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Cristiano Bellavitis, Ph.D.
Cristiano Bellavitis, Ph.D.
Articles (8)  | Author's Website |

Teva: Good Value, Questionable Management?

Teva Pharmaceutical shares lost half their value in 2016

January 02, 2017 | About:


We like Teva for three reasons. First, despite being in the generic segment where it is difficult to gain a competitive advantage, we believe that Teva has an advantage over its competitors, namely because of its size. Second, the company is growing. Unfortunately, most of this growth is coming from M&A activity. EPS has been $1.49 in 2013, $3.56 in 2014 and $1.82 in 2015 (5.46 non-GAAP).

Third, despite its growth and good fundamentals, the stock price has plummeted. This year it has lost 45%. It is now trading close to its 52-week low. Is there something wrong with the company? Honestly, the company has problems, but it is also very cheap. We need to evaluate the pros and cons.


From 2010 to 2015, Teva traded at an average P/E multiple of 17.3. It now trades at 8.36X 2016 and 6.9X 2017 forecasted earnings. Simply Wall St, based on a cashflow model, values the company at $62 per share, a steep premium compared to the current $36.


We believe that the pharmaceutical sector has received too much negative attention. We believe that Teva is in a position to thrive in the generic market, and that it is priced very attractively. Yet, we don’t like the management's aggressive M&A strategy. We don’t like very aggressive companies since large acquisitions rarely create value for the shareholders. Analysts argue that Teva has overpaid Actavis (its latest and largest acquisition) by at least $14 billion. A full version of this article can be found here.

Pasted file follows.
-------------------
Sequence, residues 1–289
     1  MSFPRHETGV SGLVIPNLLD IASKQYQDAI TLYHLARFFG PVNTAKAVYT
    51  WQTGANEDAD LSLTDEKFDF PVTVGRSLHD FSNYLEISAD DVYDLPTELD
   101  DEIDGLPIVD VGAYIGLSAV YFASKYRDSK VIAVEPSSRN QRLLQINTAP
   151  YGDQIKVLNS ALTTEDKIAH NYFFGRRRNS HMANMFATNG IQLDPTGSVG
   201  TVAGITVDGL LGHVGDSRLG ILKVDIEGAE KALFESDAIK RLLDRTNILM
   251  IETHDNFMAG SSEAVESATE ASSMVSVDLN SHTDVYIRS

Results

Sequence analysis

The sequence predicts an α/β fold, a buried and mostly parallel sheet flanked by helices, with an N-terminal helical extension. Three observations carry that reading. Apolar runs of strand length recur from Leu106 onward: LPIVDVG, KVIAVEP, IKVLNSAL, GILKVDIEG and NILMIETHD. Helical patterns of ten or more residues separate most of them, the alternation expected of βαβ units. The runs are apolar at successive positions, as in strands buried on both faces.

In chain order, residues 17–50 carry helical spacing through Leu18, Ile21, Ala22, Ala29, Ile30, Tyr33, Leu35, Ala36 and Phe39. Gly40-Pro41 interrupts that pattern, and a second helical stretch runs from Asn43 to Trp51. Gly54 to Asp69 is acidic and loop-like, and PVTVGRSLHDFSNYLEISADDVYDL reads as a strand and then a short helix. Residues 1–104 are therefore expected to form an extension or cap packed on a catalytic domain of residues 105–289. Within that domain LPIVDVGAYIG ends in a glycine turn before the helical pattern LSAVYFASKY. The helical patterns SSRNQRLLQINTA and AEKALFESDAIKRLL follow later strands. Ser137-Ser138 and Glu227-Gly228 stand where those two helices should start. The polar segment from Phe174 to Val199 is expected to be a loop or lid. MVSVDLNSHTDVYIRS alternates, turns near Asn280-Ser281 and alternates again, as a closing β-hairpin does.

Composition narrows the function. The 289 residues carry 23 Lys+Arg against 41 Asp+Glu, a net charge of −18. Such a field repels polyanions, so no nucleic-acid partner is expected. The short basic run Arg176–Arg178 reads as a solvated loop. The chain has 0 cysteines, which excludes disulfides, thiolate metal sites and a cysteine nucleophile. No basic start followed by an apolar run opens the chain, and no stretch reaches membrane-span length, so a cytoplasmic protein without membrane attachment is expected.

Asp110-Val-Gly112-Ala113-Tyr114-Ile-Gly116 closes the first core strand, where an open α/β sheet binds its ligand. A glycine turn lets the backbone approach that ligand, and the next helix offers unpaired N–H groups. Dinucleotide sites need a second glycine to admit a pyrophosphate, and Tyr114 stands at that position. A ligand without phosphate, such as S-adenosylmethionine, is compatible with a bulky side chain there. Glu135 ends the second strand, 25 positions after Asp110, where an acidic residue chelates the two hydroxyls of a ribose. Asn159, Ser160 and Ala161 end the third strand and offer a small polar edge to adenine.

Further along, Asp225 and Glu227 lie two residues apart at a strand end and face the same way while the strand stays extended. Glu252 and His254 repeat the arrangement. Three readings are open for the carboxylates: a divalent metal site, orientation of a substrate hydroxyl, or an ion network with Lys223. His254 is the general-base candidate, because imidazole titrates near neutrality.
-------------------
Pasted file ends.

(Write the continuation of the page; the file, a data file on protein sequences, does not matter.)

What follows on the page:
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About the author:

Cristiano Bellavitis, Ph.D.
I am portfolio manager at Integer Investments. We focus on U.S. and European equities with a value/GARP strategy. I am also an assistant professor at the Auckland Business School in New Zealand. I earned a Ph.D. from Cass Business School, City University of London. I apply academic rigor to my investment strategy.

If you want me to follow certain stocks, feel free to get in touch.

Visit Cristiano Bellavitis, Ph.D.'s Website

Rating: 3.5/5 (2 votes)



Maurodejesus premium member - 2 years ago

Thanks for the article. I think management is not only questionable because of M&A, but because the abuse using non Gaap measures to inform shareholders. For example, if you look at the past, you will notice that legal settlements ARE recurring, and if you take an average of the last years, you come up with more than 500 mm of legal costs. But management adds that legal settlement cost to its non Gaap earnings measure. Thats not accurate and shows the are not informing with candor.

Regards Cristiano

Cristiano Bellavitis, Ph.D.
Cristiano Bellavitis, Ph.D. - 1 year ago    Report SPAM

You are very right. We also don't like the use of Non Gaap measures and we have mentioned this in other articles. In general it is a stock that seems to be cheap, but it does not convince us.

Thank you for your comment.

Kind regards,


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